Chapter OneMy Amazing Discovery: A No-Nonsense Plan for Getting Rich in Real Estate
In my town in Kentucky, house values do not go up in double digits the way they do in Florida, California, New York, or Las Vegas. A good solid rental house averages 7.25 percent appreciation annually in my area. I like to be conservative in my real estate investment planning, so let's say that a property I am considering investing in would only appreciate 5 percent a year over time. With an average annual appreciation of 5 percent:
$100,000 in property value = $5,000 increase in market value each year $1,000,000 in property value = $50,000 increase in market value each year $10,000,000 in property = $500,000 increase in market value each year
I'll be the first to admit and agree that this is only on paper. You won't find it in any bank account and you cannot buy groceries with it. But, if you can hang on to your investments, just like the beer cans on the rear bumper of the limousine at a wedding, you can crank some phenomenal numbers and grow your wealth unbelievably fast.
Let me immediately remove the "Pie in the Sky" aspects here, and start with the end in mind. Ask yourself, "Where do I want to land?" What is your objective of investing? I never thought about this when I got started, and it caused me a lot of grief. I was buying properties left and right because I believed they were good deals. But I neglected being clear about my goals.
Here's what you need to know: "$______ in my pocket monthly would make me a happy camper!" Go ahead, fill in the blank. What is your answer? After working with investors all over the country, I can tell you that most investors are not like me. They are not greedy and have absolutely no desire to compete with Donald Trump. To my amazement, the number one answer here is $10,000. That's right, over 90 percent of investors say, "$10,000 in my pocket monthly would make me a happy camper."
The next part is a bit more challenging. How many of these properties would it take to dump your dollar amount into your pocket monthly? You also have to consider what kind of properties you would like to hold long term. Do you want a low-income area with high management and low appreciation, but excellent cash flow; or do you want nicer neighborhoods, less management, and less cash flow with wonderful appreciation and depreciation? This is your choice, not mine.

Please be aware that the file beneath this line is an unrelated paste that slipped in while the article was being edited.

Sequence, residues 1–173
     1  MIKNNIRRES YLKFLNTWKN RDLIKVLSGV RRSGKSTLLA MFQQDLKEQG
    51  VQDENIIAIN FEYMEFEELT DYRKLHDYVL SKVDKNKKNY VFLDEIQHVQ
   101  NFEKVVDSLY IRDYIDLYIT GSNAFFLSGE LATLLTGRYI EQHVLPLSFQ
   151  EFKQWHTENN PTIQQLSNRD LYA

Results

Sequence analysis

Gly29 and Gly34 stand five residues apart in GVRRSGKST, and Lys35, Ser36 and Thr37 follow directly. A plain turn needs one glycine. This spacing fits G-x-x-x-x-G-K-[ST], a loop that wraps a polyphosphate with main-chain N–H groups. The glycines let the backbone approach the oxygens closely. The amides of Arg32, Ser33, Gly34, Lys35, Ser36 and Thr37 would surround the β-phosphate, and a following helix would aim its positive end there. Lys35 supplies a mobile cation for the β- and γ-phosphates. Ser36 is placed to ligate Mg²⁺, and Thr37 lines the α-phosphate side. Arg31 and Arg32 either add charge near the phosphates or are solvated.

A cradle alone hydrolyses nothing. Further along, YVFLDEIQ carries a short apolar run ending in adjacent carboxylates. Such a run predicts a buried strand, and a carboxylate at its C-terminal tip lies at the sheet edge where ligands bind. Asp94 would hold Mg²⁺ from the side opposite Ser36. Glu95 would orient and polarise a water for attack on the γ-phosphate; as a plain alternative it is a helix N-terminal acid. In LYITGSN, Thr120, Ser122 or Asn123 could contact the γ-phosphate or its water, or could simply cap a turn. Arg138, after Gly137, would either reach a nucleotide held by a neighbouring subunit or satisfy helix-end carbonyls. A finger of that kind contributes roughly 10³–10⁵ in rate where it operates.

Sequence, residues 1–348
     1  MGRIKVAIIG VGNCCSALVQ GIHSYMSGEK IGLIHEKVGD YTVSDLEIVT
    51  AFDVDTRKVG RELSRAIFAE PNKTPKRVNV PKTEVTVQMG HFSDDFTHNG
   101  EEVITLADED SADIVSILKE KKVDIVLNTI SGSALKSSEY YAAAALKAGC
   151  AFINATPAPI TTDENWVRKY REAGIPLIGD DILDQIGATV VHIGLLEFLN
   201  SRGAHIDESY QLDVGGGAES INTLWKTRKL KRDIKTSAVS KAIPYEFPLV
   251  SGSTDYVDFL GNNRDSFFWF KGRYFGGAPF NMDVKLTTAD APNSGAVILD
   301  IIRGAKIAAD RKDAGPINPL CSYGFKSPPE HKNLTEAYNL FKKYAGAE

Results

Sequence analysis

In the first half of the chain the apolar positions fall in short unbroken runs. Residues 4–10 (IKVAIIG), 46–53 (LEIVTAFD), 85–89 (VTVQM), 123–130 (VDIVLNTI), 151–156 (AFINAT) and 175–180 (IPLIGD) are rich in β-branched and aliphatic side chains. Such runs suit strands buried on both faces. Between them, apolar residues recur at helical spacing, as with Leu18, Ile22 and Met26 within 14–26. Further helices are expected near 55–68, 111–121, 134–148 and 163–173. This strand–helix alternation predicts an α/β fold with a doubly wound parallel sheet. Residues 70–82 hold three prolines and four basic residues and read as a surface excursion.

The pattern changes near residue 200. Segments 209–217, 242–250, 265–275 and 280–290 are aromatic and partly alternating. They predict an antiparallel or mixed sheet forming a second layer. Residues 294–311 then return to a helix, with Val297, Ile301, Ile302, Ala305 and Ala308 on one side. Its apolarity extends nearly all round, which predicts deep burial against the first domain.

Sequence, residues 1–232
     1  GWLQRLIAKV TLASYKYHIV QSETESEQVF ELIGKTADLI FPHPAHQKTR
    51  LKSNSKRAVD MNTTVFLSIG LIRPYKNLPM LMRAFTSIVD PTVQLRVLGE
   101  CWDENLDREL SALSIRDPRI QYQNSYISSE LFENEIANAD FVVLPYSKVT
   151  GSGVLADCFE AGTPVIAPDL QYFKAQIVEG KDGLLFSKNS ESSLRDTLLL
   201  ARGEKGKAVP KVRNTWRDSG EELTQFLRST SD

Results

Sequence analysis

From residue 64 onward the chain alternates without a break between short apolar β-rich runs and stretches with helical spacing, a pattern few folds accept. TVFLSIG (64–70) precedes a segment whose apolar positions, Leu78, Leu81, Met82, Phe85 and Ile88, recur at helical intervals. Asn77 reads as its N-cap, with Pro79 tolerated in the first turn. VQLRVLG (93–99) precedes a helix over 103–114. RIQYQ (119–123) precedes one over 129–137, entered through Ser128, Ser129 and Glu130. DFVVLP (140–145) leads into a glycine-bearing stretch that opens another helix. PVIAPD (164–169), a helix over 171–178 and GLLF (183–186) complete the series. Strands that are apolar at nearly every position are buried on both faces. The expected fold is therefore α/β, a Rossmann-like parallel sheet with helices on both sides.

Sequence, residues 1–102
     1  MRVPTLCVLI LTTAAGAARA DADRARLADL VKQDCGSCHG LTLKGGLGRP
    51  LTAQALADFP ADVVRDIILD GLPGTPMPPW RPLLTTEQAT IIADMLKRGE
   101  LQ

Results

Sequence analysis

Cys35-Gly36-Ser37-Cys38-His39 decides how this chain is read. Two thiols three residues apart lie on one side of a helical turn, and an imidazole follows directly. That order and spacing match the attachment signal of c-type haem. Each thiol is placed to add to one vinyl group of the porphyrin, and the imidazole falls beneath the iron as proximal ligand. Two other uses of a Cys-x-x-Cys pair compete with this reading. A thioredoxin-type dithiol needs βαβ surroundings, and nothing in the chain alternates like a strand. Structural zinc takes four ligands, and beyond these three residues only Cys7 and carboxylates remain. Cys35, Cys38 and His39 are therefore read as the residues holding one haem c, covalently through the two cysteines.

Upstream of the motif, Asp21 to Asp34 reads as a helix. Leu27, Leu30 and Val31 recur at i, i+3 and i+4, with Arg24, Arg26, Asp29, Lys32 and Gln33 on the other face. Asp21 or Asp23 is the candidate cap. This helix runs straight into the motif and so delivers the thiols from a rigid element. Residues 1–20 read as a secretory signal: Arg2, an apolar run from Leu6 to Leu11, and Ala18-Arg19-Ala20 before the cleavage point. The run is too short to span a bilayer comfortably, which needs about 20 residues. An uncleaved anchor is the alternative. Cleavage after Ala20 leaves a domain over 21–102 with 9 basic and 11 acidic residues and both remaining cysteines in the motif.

Let's keep this idea going. Assume that you filled in the blank with $10,000 and you want the nicer properties in a nice neighborhood. Using the market in my town would mean that about 20 solid $100,000 rental houses paid for would dump $10,000 into your pocket monthly. Using "real world cash flow" and not the dangerous definition used by many real estate agents, each one of these properties will give you about $500 monthly.
Real world cash flow on a $100,000 rental house in my town:
Monthly rent income = +$800.00 Minus Property tax = ($91.66) Minus Insurance = ($25.00) Minus Management fee = ($80.00) Minus Repairs = ($50.00) Total = $553.34
These are the numbers used for single-family houses in my town. Your town might have a different property tax rate or insurance rate and may have homeowner association dues. You must factor in all these ongoing expenses associated with owning the property. If you are investing in multifamily housing, apartment complexes, or commercial properties, you should include a vacancy factor for your market. With single-family houses, I don't include a vacancy factor because I want my tenants to stay forever. Many of my single-family properties still have the original tenants today, years later. I'm not in the hotel business, and you shouldn't be either.
Using the preceding example, you can see that 20 of these rental houses (if paid for) would put $10,000 in your pocket every month from now on. Plus, there is a built-in hedge against inflation because you can raise the rent as the market value and market rents increase. This means you can always give yourself a raise. There is still another extra bonus behind the scene: You will have 20 houses paid for, resulting in your ownership of $2 million in real estate. At 5 percent annual appreciation, this results in an additional $100,000 increase in market value each year that you own the properties. Later in this book, I explain some tax benefits including depreciation.